Digital life - what is all the fuss about?

Virtual worlds could be the future of the internet.
 
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  • Updated:13 Sep 2007
 

01 .Introduction

Toy figurines

In brief

  • Virtual world platforms run on your computer over the internet.
  • There are free and paid platforms.
  • There are many unresolved legal issues, plus other dangers and threats.

The internet has brought us many things — email, videos, games, shopping, Google, Wikipedia and the list goes on. Now there’s a new phenomenon: an opportunity for you to participate in a life-like world with a character — a digital version of yourself, which can work, socialise, shop and do many of the other things you do in the real world.

  • Your character is known as an avatar and you can personalise its name and appearance.
  • Your avatar can interact with other characters through an instant messaging-style window.
  • You must register to create a character and usually download a program that runs on a computer connected to the internet.

There are different types of virtual worlds — some are more like games, some are chat forums and others simulate a life-like world. Second Life is probably the most well-known virtual world platform, but there are many others.

Virtual worlds encourage interactions between people and aim to mimic the real world. Avatars can socialise, shop, own property, trade and create new objects, such as artworks and clothing.

However, a virtual world, like the real world, needs rules and regulations. Right now there are more questions than answers when it comes to issues such as copyright, crime, money, property, rights and responsibilities, abuse, privacy, security, body image and the protection of children. But it’s not all bad; there are some interesting developments in virtual worlds as well.

Please note: this information was current as of September 2007 but is still a useful guide to today's market.


Virtual opportunities

Virtual worlds provide a space for communication, interaction, fun and education. Users can meet others in any part of the ‘world’, sample entertainment and art and communicate with others in a more interactive, immediate environment than email, instant messaging or social networking.

Virtual worlds are also being used in educational and commercial ways. Educators, for example, are looking to virtual worlds to extend multimedia and interactive teaching. Some universities are starting to hold seminars or conferences where participants from all over the world can attend through their avatar in the virtual world. Virtual worlds are also being used to create simulation environments for practical training exercises in education courses.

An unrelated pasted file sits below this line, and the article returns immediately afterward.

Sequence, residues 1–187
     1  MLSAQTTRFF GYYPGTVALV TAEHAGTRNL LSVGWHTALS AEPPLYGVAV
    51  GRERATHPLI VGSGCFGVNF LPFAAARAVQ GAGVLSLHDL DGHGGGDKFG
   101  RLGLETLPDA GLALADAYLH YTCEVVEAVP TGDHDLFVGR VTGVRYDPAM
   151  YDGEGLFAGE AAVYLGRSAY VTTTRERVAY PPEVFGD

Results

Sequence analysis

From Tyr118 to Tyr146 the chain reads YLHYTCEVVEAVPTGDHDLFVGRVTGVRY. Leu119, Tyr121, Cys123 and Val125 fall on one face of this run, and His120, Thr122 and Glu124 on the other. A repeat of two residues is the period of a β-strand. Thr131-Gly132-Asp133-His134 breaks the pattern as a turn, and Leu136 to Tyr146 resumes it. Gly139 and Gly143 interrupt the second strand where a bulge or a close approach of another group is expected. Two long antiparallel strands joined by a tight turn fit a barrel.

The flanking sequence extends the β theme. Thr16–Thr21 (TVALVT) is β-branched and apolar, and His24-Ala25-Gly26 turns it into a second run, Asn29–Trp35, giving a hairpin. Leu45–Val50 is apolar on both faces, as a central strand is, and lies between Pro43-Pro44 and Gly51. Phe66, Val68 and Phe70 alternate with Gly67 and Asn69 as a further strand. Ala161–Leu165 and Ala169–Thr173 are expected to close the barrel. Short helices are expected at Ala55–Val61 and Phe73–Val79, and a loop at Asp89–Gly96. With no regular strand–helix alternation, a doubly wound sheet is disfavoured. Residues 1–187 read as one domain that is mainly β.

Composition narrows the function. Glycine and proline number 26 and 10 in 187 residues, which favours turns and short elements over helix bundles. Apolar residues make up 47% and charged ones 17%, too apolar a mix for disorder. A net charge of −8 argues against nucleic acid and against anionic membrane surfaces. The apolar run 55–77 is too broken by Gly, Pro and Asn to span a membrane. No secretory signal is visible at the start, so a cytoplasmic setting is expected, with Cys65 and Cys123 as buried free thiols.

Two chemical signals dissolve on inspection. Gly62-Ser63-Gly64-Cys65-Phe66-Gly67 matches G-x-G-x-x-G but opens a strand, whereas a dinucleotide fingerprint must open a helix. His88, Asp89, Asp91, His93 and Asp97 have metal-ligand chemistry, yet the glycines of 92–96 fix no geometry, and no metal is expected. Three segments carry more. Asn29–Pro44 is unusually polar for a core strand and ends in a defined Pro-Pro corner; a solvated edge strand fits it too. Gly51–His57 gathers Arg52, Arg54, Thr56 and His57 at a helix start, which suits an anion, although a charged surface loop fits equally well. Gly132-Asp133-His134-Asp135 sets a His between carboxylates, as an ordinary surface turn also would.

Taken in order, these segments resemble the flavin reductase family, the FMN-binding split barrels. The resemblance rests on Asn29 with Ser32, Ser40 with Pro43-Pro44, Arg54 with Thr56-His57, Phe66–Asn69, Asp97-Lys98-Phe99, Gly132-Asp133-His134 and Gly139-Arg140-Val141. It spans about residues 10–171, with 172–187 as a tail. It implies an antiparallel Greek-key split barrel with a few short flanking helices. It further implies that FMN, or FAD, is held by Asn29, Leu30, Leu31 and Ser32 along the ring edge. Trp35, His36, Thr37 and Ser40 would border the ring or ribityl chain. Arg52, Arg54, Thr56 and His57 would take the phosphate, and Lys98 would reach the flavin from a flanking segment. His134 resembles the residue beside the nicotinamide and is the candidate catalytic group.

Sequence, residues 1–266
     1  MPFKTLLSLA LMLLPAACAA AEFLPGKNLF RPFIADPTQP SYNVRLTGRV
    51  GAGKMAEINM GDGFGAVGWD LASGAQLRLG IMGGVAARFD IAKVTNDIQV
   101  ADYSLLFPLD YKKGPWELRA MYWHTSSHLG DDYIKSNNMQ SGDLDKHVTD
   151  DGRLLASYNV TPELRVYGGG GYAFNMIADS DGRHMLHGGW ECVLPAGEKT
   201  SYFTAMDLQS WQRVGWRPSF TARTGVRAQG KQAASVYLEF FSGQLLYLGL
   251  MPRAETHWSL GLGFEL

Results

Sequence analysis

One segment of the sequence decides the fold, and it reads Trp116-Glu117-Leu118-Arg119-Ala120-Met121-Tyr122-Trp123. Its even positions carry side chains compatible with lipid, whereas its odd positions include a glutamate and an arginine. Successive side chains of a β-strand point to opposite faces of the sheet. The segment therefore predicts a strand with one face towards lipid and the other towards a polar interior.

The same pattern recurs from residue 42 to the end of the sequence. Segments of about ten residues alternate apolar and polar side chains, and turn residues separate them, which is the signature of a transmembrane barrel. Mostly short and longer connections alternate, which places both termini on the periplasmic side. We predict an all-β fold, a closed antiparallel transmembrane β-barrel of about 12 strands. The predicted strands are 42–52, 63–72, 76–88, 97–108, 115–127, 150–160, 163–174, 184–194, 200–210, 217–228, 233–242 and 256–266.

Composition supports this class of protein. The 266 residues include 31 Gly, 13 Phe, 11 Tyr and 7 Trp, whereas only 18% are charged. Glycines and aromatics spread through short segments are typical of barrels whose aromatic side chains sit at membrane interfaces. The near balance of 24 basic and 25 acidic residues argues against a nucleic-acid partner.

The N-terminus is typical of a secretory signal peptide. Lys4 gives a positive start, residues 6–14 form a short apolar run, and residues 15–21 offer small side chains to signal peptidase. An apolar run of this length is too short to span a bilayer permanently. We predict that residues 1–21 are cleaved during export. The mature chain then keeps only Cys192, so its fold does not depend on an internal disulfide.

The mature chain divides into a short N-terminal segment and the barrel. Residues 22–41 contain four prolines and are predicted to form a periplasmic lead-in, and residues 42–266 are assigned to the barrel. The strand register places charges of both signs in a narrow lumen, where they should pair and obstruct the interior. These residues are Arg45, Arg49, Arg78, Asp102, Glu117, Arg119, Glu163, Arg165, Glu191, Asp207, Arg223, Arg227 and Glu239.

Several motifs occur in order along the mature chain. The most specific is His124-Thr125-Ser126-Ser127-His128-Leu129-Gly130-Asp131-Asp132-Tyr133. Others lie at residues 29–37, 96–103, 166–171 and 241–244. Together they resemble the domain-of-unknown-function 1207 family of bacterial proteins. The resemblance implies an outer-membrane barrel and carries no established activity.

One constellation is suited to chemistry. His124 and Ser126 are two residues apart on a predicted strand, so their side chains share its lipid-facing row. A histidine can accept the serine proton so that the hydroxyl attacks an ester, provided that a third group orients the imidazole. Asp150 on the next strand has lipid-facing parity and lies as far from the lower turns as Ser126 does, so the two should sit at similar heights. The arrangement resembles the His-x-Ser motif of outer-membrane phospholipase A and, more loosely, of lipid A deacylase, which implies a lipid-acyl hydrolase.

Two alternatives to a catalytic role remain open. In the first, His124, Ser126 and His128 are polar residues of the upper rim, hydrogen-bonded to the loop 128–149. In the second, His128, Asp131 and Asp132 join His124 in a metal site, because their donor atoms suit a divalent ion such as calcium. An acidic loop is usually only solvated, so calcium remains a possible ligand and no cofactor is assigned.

Nic Suzor, board member of Electronic Frontiers Australia, an independent organisation devoted to protecting internet users’ rights, sees huge potential in virtual worlds. “These environments are currently able to provide engaging experiences and, as the technology improves, they will grow in importance for all types of communication — from business meetings to public forums to education programmes,” he says.

Virtual worlds may open up avenues of study previously restricted by space, time and cost. Sheryle Moon, chief executive officer of the Australian Information Industry Association, the representative body for the industry, thinks that the educational opportunities are virtually unlimited. “Imagine being able to take a semester course at any university in the world. Imagine turning up as an avatar to a lecture room for a Harvard course or a language course at the Sorbonne, in Paris,” she says.

It’s no surprise that businesses are looking at virtual worlds as advertising opportunities, with the ability to attract customers beyond physical boundaries. They also see the chance to save money.

“Virtual worlds provide potential access to new products anywhere in the world. Rather than companies having to ship stock to multiple countries for a simultaneous launch, they will be able to launch in one virtual place where everyone can purchase or download the product instantaneously,” says Sheryle.

Microsoft’s Windows Vista launch, Sony music releases, and the ABC’s and IBM’s virtual shopfronts are just a few examples of the way business has moved into the virtual world.

 
 

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02.Legal issues and dangers

 

Virtual carFor all their benefits, virtual worlds also raise serious legal and social questions. As they get more complex they also become prone to the same problems found in the real world, such as crime, copyright breaches, financial disputes, privacy and security.

But the law is yet to test many of these issues.

“With virtual worlds, there’s a need to create an entire body of law with a serious system of enforceability to protect members,” says David Vaile, director of the Cyberspace Law and Policy Centre at the University of New South Wales.

“It’s a bit like the early days of the internet, where so many things had to be sorted out. There’s potential for great opportunities — and exploitation.”